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The relationship between the flexibility/inflexibility of ward nursing regimes and patient outcomes

Alexander, J. (2005). The relationship between the flexibility/inflexibility of ward nursing regimes and patient outcomes. (Unpublished Doctoral thesis, City, University of London)


Background and aims

This thesis compared two acute psychiatric ward nursing regimes in the East End of London. The study focused on ward rules as a means of investigating the relationship between the flexibility/ inflexibility of ward nursing regimes and patient outcomes. Previous studies identified a relationship between ward rules and patient aggression. A few authors also identified a link between absconding and nurses' attitudes towards rule enforcement. However, an in depth exploration of ward rules from the perspective of staff and patients has not been undertaken previously. The study aimed to discover the content of rules within acute psychiatric wards; to explore patients responses to the rules; to evaluate the impact of rules and rule enforcement on nurses patient relationships and on ward events; and to investigate the relationship between ward rules, ward atmosphere and ward design.

Theoretical Framework

A sociological framework was used for the study, and the literature on the sociology of rules, and symbolic interactionism provided a basis for the investigation.

Design and Samples

The design centred on a comparative interview study of 30 patients and 30 nurses within two acute psychiatric wards in different hospitals. Non- participant observations provided a context for the interview data.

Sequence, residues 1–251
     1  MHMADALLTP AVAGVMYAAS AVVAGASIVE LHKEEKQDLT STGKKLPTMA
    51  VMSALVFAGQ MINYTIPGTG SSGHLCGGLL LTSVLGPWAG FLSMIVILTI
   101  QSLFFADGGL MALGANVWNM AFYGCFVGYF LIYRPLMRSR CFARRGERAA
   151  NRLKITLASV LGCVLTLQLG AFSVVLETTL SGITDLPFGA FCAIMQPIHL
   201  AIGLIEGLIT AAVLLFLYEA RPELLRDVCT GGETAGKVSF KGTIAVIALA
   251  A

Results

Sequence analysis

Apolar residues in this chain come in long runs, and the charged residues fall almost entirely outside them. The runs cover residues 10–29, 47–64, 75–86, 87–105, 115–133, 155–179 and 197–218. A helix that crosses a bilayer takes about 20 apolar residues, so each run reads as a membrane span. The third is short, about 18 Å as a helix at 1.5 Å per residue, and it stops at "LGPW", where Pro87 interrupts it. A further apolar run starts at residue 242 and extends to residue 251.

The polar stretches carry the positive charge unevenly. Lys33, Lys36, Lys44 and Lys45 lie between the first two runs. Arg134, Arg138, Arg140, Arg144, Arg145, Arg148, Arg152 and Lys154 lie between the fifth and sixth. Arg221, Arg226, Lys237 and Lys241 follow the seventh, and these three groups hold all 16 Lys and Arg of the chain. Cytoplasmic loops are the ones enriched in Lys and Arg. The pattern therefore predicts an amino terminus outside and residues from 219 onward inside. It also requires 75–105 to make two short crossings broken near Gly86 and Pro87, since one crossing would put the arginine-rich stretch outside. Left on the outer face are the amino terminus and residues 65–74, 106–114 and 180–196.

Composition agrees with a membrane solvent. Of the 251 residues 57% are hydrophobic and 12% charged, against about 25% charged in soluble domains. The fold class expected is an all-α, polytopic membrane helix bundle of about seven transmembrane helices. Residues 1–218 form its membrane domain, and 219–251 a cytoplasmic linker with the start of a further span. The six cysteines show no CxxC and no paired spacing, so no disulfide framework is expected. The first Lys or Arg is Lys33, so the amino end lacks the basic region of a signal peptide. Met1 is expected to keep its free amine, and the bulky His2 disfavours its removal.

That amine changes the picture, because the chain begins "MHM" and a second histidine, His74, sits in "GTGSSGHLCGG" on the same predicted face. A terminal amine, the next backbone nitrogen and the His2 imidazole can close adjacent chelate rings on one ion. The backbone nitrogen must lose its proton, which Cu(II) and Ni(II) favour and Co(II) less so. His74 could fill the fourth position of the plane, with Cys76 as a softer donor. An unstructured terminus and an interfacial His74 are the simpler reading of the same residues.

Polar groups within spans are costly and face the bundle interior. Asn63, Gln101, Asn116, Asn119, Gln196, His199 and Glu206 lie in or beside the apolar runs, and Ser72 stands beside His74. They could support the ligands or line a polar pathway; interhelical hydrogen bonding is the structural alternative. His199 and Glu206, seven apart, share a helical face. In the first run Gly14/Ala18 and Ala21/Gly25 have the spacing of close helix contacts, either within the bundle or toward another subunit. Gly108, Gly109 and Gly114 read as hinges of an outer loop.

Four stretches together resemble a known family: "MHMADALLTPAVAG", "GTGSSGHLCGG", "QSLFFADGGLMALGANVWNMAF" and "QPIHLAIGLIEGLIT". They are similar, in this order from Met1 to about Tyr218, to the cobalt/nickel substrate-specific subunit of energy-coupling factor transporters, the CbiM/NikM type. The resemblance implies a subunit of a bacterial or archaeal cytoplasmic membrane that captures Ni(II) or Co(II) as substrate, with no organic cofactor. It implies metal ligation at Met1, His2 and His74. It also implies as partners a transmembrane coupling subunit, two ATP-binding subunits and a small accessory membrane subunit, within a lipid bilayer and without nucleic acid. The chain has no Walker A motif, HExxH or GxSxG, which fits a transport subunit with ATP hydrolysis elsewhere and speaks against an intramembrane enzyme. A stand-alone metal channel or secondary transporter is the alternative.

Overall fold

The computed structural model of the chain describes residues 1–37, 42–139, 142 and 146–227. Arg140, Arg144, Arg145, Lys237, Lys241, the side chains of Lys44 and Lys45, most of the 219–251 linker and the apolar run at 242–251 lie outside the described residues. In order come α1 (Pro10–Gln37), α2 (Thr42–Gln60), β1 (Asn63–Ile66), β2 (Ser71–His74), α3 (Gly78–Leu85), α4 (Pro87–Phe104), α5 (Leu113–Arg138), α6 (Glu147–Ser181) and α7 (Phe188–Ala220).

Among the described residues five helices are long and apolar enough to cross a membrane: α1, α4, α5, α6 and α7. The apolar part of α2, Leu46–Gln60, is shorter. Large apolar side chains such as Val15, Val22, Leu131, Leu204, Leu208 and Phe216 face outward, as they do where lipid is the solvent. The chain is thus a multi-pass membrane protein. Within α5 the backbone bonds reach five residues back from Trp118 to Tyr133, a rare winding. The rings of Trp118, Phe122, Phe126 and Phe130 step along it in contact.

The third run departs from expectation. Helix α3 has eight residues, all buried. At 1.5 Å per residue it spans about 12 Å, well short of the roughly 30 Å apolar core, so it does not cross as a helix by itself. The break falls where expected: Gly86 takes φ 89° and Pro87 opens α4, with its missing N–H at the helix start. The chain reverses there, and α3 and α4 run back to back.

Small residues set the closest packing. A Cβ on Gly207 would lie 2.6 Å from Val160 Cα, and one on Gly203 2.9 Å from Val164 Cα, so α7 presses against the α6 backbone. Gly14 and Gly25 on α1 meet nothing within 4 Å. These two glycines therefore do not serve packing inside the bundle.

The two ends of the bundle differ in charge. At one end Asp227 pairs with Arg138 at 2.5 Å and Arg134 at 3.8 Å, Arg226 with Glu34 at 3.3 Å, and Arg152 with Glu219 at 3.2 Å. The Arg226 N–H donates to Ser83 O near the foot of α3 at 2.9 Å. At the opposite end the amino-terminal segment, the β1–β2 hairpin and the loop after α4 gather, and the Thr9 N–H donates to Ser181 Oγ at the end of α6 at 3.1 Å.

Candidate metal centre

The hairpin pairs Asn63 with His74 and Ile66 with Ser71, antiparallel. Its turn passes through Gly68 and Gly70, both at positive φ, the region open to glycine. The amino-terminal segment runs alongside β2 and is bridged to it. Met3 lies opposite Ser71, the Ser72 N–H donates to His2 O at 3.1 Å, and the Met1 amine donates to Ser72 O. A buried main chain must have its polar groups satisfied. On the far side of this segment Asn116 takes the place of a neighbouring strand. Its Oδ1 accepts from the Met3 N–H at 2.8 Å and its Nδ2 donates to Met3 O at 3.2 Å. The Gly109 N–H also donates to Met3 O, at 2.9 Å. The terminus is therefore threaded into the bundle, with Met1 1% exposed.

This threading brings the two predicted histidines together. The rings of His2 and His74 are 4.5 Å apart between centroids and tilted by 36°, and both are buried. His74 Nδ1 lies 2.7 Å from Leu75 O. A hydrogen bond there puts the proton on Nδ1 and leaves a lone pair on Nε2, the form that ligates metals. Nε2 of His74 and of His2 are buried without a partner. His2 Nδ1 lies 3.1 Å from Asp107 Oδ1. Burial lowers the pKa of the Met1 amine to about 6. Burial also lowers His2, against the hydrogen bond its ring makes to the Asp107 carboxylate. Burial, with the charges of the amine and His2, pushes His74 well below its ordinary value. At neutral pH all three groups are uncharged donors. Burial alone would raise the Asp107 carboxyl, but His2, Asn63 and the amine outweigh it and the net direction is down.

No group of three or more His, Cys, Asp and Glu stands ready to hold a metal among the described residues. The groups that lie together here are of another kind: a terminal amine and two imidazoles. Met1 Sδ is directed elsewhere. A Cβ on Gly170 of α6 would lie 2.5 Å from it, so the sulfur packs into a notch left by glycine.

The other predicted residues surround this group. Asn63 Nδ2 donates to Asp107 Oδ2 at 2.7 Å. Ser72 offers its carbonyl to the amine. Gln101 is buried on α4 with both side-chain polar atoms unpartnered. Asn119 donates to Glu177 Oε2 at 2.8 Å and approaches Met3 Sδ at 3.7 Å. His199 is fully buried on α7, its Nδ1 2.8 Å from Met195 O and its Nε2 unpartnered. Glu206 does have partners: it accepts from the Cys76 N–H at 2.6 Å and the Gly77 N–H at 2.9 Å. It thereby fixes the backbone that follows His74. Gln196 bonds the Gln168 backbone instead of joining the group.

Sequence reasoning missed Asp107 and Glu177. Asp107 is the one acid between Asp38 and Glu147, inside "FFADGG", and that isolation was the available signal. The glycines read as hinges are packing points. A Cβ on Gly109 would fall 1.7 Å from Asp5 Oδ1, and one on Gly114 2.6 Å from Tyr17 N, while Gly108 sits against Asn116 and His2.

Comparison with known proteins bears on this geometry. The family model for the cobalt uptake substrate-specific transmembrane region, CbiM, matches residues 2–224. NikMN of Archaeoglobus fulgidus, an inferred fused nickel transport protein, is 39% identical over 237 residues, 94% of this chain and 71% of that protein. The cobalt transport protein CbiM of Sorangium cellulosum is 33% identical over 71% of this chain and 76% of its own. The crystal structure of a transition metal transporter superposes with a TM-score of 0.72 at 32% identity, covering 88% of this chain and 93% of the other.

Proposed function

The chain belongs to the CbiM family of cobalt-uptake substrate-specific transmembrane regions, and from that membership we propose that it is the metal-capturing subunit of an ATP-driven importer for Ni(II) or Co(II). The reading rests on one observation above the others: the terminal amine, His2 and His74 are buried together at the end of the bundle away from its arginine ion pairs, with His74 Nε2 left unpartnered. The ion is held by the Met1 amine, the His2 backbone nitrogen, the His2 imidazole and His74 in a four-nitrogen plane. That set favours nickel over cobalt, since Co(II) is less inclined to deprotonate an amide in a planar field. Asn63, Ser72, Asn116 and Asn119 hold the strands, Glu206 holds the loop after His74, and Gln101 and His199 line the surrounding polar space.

Measures of the Ward Atmosphere Scale (WAS) Moos (1974), the Hospital Hostel Practices Profile (HHPP) Wykes et al (1982), ward incidents and levels of as required (PRN) medication were obtained.


The analysis of the quantitative data was assisted by SPSS, and the qualitative analysis by QSR *NUDIST. Thematic and interpretative phenomenological methods were used in the analysis of the qualitative data.

Key findings and implications for clinical practice

A series of 11 interrelated concepts emerged from an analysis of the data, and a synthesis of the main themes. These findings were used to create a conceptual model. The model illustrates the relationship between the themes, and the key concept of ward stability. Recommendations for changes in clinical practice are based on the new knowledge that resulted from the data analysis, and the model explicates the evidence base for this knowledge.


Acute inpatient settings, ward rules, service users experiences, power dynamics

Publication Type: Thesis (Doctoral)
Subjects: B Philosophy. Psychology. Religion > BF Psychology
R Medicine > RT Nursing
Departments: School of Health & Psychological Sciences > Nursing
School of Health & Psychological Sciences > School of Health & Psychological Sciences Doctoral Theses
Doctoral Theses
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